To Whom the Night Belongs
Over the past several years, Stephan Reusse’s green laser-lit mice have been found crawling all over the place—from Shanghai to Seoul, Paris to Prague, from museums to even a bar—in uncertain and uneasy fashion. In every single situation the mice stop and start; they scurry backwards and forwards. They pause to groom themselves, and then chase each other, only to disappear behind an invisible curtain. Their electronic peregrinations are utterly convincing. If of course you’ve ever seen a pair of mice in a hurry. The movements are, in fact, based on those of real mice. The contemporary German artist analyzed infrared video recordings that had been taken of small rodents, and he reduced their patterns and forms to a number of animated lines.
That being said, his laser installations are more than clever, more than a child’s form of entertainment. This is contemporary art after all. And what the work addresses is the act of perceiving and remembering. Reusse explains, “It’s like this: the brain assembles images on its own, you see a few lines and they’re gone again in a second, but in the background a picture of a mouse remains.”
Perhaps the most dramatic display of Reusse’s Mice to date has been the one in Prague at night. In 2009 the Czech group w.art had brought together the work of six European and American artists, who used light as their medium, and projected the artists’ illuminations on façades around the Czech capital. The exhibition, called “Transparency,” was reportedly about the accessibility of ‘ambitious’ modern art. But reading about it now, I must admit I’m thinking less about the intent and more about how perfectly placed Reusse’s Mice had been—an unwitting (or not) nod to Prague’s favorite son: Franz Kafka. He, the author of “Josephine the Singer, or the Mouse Folk” (earlier post), and of “A Little Fable” about a mouse who regrettably asked a cat for advice. And of the letters about the troubles he had with mice during his stay at his sister’s in the Czech countryside. Letter after letter. To Felix Weltsch he wrote, The first fatal flaw of Zürau: a night of mice, a fearful experience… And to Max Brod, Since the plague of mice… I am in no mood to sit there and hear rustling, sometimes behind the basket, sometimes at the window (one hears every claw)… And to Oskar Baum, As cannot have been concealed from you, there has been a frightful invasion of mice. Again to Weltsch, Up the coal box, down the coal box, crossing the room diagonally, running in circles…whistling softly when not moving, and all the while the sensation of silence, of the clandestine labor of an oppressed proletarian race to whom the night belongs. And once more to Brod, I’m now trying to harden myself, observing field mice on my walks, they’re not so bad, but my room isn’t a field and sleeping isn’t walking.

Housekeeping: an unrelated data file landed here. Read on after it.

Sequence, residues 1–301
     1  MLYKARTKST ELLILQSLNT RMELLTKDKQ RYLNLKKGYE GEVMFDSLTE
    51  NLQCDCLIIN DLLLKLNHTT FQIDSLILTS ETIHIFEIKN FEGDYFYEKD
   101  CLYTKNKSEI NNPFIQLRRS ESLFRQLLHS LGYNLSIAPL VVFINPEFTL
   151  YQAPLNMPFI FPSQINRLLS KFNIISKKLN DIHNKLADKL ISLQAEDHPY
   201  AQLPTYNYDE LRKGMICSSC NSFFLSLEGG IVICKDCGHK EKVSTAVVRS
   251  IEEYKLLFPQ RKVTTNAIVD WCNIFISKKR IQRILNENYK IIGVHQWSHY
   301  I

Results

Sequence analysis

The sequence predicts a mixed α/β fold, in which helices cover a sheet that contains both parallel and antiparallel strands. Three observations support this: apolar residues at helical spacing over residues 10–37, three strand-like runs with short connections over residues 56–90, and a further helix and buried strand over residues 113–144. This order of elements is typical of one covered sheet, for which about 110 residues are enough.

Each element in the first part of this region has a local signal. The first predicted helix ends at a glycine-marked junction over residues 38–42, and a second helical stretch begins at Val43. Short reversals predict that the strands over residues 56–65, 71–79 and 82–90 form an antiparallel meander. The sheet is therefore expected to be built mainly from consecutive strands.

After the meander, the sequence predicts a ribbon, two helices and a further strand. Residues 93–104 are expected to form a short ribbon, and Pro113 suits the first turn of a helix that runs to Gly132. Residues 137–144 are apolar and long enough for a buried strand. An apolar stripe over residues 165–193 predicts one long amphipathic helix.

For Stephan Reusse the mouse may be a metaphor for human behavior—our restlessness with ‘everyday life.’ But for Kafka, you might say, ‘everyday life’ was—at least for a couple of months—a metaphor for mice. And it’s possible that’s what the Czech art organization and the city of Prague were thinking when they chose the location for Reusse’s work: across the street from the building on which the mice scampered, there’s a bronze memorial to Mr. Kafka.
 Christian Falvey, “Light in the Spotlight—Transparency 2009,” Radio Prague, broadcast February 27, 2009.
 Franz Kafka, letters dated, November – December, 1917, Letters to Friends, Family, & Editors, translated by Richard and Clara Winston, 1977.
Other sources: To view the video of Mice, visit Stephan Reusse’s website, and click on either German or English, or YouTube; w.art projects; City of Prague’s website; Franz Kafka, Introduction and Afterword by Roberto Calasso, The Zürau Aphorisms, 2006.
(Image: video still of Mice by Stephan Reusse, Prague 2009.)